At the end of a flat sprinters stage to Tours it all came down to two riders; Marcel Kittel and Mark Cavendish went head to head on the finish straight. The big German managed to just push himself ahead of the Manxman in the last inches to add another stage to his tally. One more for Kittel, Argos and Germany.
Stage 12 Course
The course from Fourgères to Tours had been designed for the out and out sprinters withno categorised climbs and an intermediate sprint in Savingé Sur Lathan at 52 kilometres to go of the 218 kilometres. The last kilometre was a little bit tricky, after a long straight there is a sharp right turn at a round-a-bout and then after 200 metres; another right angled bend before the last 400 metres to the line but the road is wide so shouldn’t be too dangerous.
Tour De France 2013 Stage 12 Fly Through by globalcyclingnetwork:
The First Break of the Day
The stage kicked off from Fourgères in cooler temperatures of around 20ºC, but it wasn’t long before the action heated up with Francesco Gavazzi (Astana), Romain Sicard (Euskaltel-Euskadi), Manuele Mori (Lampre-Merida), Juan Antonio Flecha (Vacansoliel-DCM) and Anthony Delaplace (Sojasun) heading up the road. After 40 kilometres the five had an 8 minute lead as the first hour was covered at 47.2 kph.
Of the break; Astana’s Francesco Gavazzi was the highest placed amongst them only 1 second shy of 50 minutes down on Chris Froome. As the escape reached towards 10 minutes, the sprinters’ teams started to take hold of the peloton as Omega Pharma – Quick-Step, Argos-Shimano and Lotto Belisol put riders on the front.
After 80 kilometres; the efforts of the chasers brought the lead down to 8:25.
Back in the pack World time trial champion and yesterday’s stage winner was put to getting the bottles for his hard working Omega Pharma – Quick-Step team mates on the front.
With 100 kilometres to go the peloton went through the feed zone in Durtal 6:21 after the escapees. The Sky team had come to the front to do a bit of work and also to keep Froome out of danger as they passed through Baugé with its picturesque Château de la Roi Rene.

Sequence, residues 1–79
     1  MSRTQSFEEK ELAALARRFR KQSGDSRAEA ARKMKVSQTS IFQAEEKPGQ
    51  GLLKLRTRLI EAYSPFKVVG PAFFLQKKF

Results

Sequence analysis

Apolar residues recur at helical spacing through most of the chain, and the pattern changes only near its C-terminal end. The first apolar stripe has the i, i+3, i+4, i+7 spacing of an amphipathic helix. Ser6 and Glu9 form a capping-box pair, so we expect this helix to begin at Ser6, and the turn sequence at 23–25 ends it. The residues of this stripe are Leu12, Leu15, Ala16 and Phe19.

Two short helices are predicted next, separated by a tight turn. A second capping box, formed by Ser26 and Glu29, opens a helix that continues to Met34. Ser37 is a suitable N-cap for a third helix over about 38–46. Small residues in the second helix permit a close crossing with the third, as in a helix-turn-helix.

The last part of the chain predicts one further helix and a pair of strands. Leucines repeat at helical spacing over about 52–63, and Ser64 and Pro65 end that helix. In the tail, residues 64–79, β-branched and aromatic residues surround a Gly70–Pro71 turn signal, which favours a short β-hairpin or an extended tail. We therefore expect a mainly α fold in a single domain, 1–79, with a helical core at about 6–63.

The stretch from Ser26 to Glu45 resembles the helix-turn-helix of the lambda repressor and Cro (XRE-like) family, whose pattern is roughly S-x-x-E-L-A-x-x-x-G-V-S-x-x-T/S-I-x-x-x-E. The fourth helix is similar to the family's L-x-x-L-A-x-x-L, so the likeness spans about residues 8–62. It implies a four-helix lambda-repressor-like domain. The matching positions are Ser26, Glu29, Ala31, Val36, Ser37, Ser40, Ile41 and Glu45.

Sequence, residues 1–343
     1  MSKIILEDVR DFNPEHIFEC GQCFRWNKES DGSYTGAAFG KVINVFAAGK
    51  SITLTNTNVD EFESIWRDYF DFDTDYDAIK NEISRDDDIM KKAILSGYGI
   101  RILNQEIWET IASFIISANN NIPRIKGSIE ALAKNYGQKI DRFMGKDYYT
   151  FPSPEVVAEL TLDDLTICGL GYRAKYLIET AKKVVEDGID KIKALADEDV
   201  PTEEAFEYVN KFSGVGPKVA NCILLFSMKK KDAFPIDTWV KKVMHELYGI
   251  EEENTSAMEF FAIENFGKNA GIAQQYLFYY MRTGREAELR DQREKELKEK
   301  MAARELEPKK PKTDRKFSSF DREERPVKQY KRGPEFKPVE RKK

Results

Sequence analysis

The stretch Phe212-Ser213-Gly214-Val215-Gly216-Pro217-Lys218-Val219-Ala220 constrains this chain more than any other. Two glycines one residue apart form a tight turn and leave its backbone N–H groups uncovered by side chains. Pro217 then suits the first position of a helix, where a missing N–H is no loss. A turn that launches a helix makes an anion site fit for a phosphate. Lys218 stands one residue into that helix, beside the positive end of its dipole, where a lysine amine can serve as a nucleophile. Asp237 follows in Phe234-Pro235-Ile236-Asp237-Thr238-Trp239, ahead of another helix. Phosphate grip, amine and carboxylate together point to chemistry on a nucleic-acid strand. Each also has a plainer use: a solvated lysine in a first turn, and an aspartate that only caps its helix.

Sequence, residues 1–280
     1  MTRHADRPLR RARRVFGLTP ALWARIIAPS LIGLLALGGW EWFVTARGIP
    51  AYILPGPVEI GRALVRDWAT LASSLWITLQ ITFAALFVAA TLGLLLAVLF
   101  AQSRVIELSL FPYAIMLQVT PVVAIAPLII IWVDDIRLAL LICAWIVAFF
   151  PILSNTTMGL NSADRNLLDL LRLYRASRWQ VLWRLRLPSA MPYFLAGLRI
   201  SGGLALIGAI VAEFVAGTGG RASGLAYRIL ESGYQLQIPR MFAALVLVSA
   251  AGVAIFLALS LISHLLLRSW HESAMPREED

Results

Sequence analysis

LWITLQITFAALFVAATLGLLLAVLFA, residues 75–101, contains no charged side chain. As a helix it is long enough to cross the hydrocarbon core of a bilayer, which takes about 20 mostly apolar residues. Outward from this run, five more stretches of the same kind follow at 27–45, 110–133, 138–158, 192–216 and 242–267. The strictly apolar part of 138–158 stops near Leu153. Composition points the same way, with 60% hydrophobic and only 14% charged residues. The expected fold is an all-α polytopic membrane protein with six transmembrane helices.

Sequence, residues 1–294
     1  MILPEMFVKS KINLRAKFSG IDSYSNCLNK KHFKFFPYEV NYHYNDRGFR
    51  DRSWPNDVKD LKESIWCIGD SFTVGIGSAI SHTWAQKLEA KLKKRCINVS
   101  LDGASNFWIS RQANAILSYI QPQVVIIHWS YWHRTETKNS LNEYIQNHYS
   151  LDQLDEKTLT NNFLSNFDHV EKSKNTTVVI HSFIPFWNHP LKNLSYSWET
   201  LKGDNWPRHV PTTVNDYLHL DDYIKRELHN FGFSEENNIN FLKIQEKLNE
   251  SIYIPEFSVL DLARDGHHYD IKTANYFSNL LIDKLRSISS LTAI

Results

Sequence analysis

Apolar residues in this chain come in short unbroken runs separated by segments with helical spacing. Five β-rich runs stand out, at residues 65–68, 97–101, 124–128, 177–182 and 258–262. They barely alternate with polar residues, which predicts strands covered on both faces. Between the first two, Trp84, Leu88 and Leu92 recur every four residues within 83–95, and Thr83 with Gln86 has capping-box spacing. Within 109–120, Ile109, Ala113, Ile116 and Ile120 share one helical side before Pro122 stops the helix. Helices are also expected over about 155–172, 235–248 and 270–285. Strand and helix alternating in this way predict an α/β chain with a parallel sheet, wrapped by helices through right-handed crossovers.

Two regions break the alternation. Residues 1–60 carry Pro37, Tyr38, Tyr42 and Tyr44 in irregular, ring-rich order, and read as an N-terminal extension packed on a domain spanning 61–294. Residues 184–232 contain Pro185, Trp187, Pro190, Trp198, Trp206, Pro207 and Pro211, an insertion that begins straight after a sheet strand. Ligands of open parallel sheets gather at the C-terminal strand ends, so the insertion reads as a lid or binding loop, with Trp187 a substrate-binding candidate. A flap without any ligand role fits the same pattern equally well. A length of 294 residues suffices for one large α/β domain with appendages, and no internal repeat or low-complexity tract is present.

The gap began to fall steadily and the inevitable was going to happen sooner or later, as it tends to do.
At the intermediate sprint in Savigné sur Lathan with 52 kilometres to the finish; the leaders had a little fight as Flecha jumped first, which was too soon, and Gavazzi grabbed his wheel and passed him for the full points. In the bunch; Cannondale were having a tussle with OPQS and Lotto for the prime spot. Mark Cavendish had a strong lead out from Gert Steegmans and the Manxman just edged out André Greipel as Kris Boeckmans of Vacansoleil-DCM held Peter Sagan to the barriers until the last metre. After the sprint Euskaltel-Euskadi’s Romain Sicard sat up from the break to go back to the bunch.
50 kilometres to Tours
The peloton eased off a little after the sprint, but the lead was still just over 2 minutes as the teams with GC riders brought their top rider to the front for safety; the sprint trains were not quite ready to strut their stuff. Jérôme Pineau (Omega Pharma – Quick-Step) drifted off the front which turned the accelerator up a notch for the bunch and with 30 kilometres to go the four leaders had less than a 1 minute lead.